|Publication number||US4783763 A|
|Application number||US 06/812,688|
|Publication date||Nov 8, 1988|
|Filing date||Dec 23, 1985|
|Priority date||Dec 23, 1985|
|Also published as||CA1268255A1, DE3687066D1, DE3687066T2, EP0232565A2, EP0232565A3, EP0232565B1|
|Publication number||06812688, 812688, US 4783763 A, US 4783763A, US-A-4783763, US4783763 A, US4783763A|
|Inventors||Michael J. Bergman|
|Original Assignee||North American Philips Corp., Signetics Division|
|Export Citation||BiBTeX, EndNote, RefMan|
|Patent Citations (3), Non-Patent Citations (3), Referenced by (18), Classifications (15), Legal Events (5)|
|External Links: USPTO, USPTO Assignment, Espacenet|
This invention relates to field-programmable devices manufacturable as integrated circuits.
Field-programmable devices are popular in the electronics industry because they provide the user with great flexibility in tailoring a general integrated circuit to meet specific applications at low cost. The most common type of programmable element used in a field-programmable integrated circuit such as a field-programmable logic device ("PLD") is a fusible link or fuse. Programming involves destroying (or "blowing") a specific pattern of fuses to create an open circuit at each location where a connection is not wanted. A closed circuit exists at each location where a fuse remains intact to provide an electrical connection. Another type of programmable element is the so-called "antifuse". In contrast to a fuse, an antifuse is initially an open circuit and is programmed to create a closed circuit.
FIG. 1 illustrates a segment of a two-level PLD, such as the PLSlOO integrated circuit made by Signetics Corp., in which an array of programmable AND gates drives an array of programmable OR gates. The AND array operates on M array input signals VI1 -VIM supplied on M array input lines LI1 -LIM. The OR array consists of N OR gates that respectively provide N array output signals on N array output lines LO1 -LON.
The two programmable arrays are arranged in a number of columns. The circuitry centering about a typical column 10 is shown in FIG. 1. Column 10 consists of lines LU and LL coupled together through a low-value resistor RC. Gate X of the AND array is connected to line LU. Portions of all N OR gates are connected to line LL. These portions are collectively referred to as circuit Y. A current supply consisting of a resistor RS1 connected to a source of a high supply voltage VCC provides line LU with current for normal operation. This current is insufficient to cause any of the programmable elements along column 10 to be programmed.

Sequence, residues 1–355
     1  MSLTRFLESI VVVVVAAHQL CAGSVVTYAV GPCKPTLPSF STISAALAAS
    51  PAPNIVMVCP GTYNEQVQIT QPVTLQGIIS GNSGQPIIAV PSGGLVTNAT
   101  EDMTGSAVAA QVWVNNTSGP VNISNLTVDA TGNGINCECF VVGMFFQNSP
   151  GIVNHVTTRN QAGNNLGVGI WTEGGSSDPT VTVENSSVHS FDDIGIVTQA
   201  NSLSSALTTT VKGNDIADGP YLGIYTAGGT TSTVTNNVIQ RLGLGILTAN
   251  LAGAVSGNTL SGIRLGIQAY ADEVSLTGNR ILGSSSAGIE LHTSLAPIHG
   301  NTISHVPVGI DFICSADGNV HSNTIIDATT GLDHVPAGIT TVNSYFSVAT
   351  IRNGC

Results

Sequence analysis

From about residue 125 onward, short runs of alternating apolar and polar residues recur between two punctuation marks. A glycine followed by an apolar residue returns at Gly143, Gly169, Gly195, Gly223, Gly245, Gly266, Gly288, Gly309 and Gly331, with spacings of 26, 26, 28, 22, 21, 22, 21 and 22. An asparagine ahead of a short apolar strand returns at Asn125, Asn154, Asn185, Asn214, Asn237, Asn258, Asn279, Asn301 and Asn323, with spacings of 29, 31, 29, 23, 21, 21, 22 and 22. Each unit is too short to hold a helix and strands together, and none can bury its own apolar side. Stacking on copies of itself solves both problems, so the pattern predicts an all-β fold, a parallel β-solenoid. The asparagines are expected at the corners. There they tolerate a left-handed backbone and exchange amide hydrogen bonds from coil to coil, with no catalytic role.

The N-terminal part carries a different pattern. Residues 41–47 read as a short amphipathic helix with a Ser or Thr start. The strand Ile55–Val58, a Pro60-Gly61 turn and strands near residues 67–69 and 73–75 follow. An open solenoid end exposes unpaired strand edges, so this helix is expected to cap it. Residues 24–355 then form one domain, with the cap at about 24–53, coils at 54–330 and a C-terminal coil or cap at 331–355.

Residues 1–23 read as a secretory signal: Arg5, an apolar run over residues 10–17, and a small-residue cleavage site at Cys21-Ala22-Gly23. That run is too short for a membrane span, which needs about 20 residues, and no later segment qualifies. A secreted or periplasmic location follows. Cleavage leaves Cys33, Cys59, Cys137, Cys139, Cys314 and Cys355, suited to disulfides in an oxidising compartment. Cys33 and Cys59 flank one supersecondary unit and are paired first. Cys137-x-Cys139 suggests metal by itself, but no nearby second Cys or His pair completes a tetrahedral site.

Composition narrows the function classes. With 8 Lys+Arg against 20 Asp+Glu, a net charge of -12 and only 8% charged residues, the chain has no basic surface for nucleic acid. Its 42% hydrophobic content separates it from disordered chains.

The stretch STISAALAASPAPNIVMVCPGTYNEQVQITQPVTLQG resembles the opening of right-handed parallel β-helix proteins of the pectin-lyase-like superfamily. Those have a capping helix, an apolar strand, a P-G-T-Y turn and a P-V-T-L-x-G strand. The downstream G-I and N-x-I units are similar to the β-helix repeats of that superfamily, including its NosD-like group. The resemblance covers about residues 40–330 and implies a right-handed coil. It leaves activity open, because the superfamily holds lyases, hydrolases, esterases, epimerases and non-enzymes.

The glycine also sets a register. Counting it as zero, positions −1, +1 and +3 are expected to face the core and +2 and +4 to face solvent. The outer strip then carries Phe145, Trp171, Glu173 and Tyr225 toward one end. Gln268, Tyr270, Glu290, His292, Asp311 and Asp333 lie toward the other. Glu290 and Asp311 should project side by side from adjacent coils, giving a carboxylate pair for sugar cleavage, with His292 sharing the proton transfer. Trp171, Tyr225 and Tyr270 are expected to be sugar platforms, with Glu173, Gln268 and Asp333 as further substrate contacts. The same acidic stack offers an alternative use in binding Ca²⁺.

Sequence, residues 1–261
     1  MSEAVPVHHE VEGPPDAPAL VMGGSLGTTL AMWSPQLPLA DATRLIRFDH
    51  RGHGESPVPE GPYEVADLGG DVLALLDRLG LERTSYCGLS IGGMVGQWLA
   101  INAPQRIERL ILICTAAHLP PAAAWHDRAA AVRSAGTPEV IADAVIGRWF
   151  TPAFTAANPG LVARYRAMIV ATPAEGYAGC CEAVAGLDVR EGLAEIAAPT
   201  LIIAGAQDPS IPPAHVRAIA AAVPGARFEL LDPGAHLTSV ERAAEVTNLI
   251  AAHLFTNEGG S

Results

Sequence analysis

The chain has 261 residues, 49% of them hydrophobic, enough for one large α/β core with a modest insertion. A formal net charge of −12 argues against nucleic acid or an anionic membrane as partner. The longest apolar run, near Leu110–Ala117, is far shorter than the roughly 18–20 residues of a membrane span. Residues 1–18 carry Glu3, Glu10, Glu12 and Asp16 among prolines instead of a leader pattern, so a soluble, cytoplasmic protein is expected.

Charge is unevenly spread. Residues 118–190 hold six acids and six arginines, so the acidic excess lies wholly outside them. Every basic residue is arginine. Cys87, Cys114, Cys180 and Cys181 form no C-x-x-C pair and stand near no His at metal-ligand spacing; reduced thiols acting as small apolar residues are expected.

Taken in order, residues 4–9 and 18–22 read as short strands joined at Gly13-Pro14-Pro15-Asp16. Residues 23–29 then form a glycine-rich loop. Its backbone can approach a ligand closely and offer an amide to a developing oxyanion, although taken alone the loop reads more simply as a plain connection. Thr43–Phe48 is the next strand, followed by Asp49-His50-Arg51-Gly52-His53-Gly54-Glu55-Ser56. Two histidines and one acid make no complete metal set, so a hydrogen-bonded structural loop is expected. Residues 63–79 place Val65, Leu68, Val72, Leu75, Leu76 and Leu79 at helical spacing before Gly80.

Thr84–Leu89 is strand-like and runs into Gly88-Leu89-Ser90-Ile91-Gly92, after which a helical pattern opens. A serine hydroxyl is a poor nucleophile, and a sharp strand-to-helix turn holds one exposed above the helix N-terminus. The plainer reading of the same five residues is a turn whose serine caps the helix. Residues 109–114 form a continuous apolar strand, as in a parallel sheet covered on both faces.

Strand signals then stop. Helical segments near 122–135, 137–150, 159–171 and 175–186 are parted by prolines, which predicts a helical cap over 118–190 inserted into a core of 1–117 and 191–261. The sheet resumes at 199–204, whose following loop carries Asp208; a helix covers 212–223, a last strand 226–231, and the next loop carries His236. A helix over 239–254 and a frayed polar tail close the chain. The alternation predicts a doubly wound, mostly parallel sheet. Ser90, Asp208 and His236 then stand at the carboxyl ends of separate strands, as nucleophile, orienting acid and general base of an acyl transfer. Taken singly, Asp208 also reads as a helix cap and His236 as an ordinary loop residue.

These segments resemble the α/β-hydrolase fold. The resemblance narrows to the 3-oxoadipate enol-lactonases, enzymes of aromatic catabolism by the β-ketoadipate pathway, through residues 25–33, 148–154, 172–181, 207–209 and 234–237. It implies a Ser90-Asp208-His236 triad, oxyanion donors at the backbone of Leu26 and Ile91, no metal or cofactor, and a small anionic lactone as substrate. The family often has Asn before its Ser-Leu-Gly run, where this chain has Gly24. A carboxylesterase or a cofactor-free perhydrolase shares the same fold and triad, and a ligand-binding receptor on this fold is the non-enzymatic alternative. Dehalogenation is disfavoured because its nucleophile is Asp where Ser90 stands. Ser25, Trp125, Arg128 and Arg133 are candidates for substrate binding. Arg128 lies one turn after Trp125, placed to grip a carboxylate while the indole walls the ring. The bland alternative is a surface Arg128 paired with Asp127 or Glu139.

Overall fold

AND gate X has M input sections that respectively receive voltages VI1 -VIM. Letting j be a running integer, each input section consists of a fuse FXj connected in series with a Schottky diode DXj between lines LIj and LU. The output signal from gate X is supplied as a column signal on line LU through resistor RC to line LL.
The column signal is an input signal to all N OR gates. In particular, one of the input sections of each OR gate receives the column signal. Letting k be a running integer, each OR input section shown in FIG. 1 consists of a fuse FYk connected in series with the base-emitter junction of an NPN transistor QYk between lines LL and LOk. The QYk collectors are coupled through a diode DC to the VCC supply. The other input sections of the OR gates are connected to the other columns in the same way.
The foregoing components are utilized during normal PLD switching. The RS1 supply provides column current for gate X and charges the column capacitance--i.e., parasitic capacitance portions CPU and CPL respectively associated with lines LU and LL. The RS1 supply also provides drive current for circuit Y.
Additional circuitry is needed to program the AND and OR circuit elements. The main item of programming circuitry is a column select circuit 12 which selects one of the columns in response to select signals VS. Column select 12 is connected between line LU and a source of a programming voltage VPP. The QYk collectors are also connected to the VPP supply via a diode string DPP.
In programming the circuitry of FIG. 1, line LIj or LOk of a fuse FIj or FOk to be destroyed is set at a low voltage. The remainder of lines LI1 -LIM and LO1 -LON are allowed to float. Column 10 is then selected. During a programming period, voltage VPP is raised from circuit ground to a value considerably higher than VCC. Circuit 12 then provides line LU with current at a very high voltage. If line LIj is the line set at a low voltage, diode DXj turns on very hard and draws sufficient current to blow fuse FXj. If line LOk is low, transistor QYk similarly turns on hard. It draws enough current through diode string DPP to blow fuse FYk.